'Tis e'en so: the hand of little employment hath
    the daintier sense.

    First Clown
    But age, with his stealing steps,
    Hath claw'd me in his clutch,
    And hath shipped me intil the land,
    As if I had never been such.

    Throws up a skull

    That skull had a tongue in it, and could sing once:
    how the knave jowls it to the ground, as if it were
    Cain's jaw-bone, that did the first murder! It
    might be the pate of a politician, which this ass
    now o'er-reaches; one that would circumvent God,
    might it not?

    It might, my lord.

    Or of a courtier; which could say 'Good morrow,
    sweet lord! How dost thou, good lord?' This might
    be my lord such-a-one, that praised my lord
    such-a-one's horse, when he meant to beg it; might it not?

    Ay, my lord.

    Why, e'en so: and now my Lady Worm's; chapless, and
    knocked about the mazzard with a sexton's spade:
    here's fine revolution, an we had the trick to
    see't. Did these bones cost no more the breeding,
    but to play at loggats with 'em? mine ache to think on't.

    First Clown
    A pick-axe, and a spade, a spade,
    For and a shrouding sheet:
    O, a pit of clay for to be made
    For such a guest is meet.

    Throws up another skull

    There's another: why may not that be the skull of a
    lawyer? Where be his quiddities now, his quillets,
    his cases, his tenures, and his tricks? why does he
    suffer this rude knave now to knock him about the
    sconce with a dirty shovel, and will not tell him of
    his action of battery? Hum! This fellow might be
    in's time a great buyer of land, with his statutes,
    his recognizances, his fines, his double vouchers,
    his recoveries: is this the fine of his fines, and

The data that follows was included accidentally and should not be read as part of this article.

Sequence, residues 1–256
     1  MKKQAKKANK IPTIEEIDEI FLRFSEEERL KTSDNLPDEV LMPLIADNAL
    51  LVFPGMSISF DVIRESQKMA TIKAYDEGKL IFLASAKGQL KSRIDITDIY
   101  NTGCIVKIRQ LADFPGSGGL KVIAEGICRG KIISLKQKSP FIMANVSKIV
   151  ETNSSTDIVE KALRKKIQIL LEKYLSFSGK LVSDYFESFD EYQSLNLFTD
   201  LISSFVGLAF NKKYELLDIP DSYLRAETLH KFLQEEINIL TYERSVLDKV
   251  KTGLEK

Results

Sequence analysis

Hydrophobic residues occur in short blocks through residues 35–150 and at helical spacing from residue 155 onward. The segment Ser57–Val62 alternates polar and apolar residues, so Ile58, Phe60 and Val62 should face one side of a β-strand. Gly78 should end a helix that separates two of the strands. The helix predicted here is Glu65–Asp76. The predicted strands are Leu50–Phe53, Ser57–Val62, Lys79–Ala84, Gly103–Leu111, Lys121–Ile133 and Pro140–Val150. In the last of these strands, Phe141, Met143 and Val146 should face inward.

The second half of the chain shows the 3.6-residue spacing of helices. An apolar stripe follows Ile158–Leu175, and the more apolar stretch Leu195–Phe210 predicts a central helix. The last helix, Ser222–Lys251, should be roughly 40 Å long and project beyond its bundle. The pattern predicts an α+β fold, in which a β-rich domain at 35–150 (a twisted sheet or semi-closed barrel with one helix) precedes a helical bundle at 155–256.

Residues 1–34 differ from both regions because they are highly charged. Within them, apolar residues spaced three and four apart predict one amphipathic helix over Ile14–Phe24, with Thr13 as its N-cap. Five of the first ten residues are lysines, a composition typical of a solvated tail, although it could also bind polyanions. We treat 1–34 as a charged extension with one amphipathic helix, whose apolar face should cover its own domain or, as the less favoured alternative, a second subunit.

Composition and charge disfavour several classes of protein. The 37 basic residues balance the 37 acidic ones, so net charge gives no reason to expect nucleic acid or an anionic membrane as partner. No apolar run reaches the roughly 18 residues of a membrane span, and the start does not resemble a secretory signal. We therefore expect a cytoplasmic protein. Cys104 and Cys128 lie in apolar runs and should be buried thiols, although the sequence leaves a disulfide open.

the recovery of his recoveries, to have his fine
    pate full of fine dirt? will his vouchers vouch him
    no more of his purchases, and double ones too, than
    the length and breadth of a pair of indentures? The
    very conveyances of his lands will hardly lie in
    this box; and must the inheritor himself have no more, ha?

    Not a jot more, my lord.

    Is not parchment made of sheepskins?

    Ay, my lord, and of calf-skins too.

    They are sheep and calves which seek out assurance
    in that. I will speak to this fellow. Whose
    grave's this, sirrah?

    First Clown
    Mine, sir.


    O, a pit of clay for to be made
    For such a guest is meet.

    I think it be thine, indeed; for thou liest in't.

    First Clown
    You lie out on't, sir, and therefore it is not
    yours: for my part, I do not lie in't, and yet it is mine.

    'Thou dost lie in't, to be in't and say it is thine:
    'tis for the dead, not for the quick; therefore thou liest.

    First Clown
    'Tis a quick lie, sir; 'twill away gain, from me to

    What man dost thou dig it for?

    First Clown
    For no man, sir.

    What woman, then?

    First Clown
    For none, neither.

    Who is to be buried in't?

    First Clown
    One that was a woman, sir; but, rest her soul, she's dead.

    How absolute the knave is! we must speak by the
    card, or equivocation will undo us. By the Lord,
    Horatio, these three years I have taken a note of
    it; the age is grown so picked that the toe of the
    peasant comes so near the heel of the courtier, he
    gaffs his kibe. How long hast thou been a

    First Clown
    Of all the days i' the year, I came to't that day
    that our last king Hamlet overcame Fortinbras.

    How long is that since?

    First Clown
    Cannot you tell that? every fool can tell that: it
    was the very day that young Hamlet was born; he that
    is mad, and sent into England.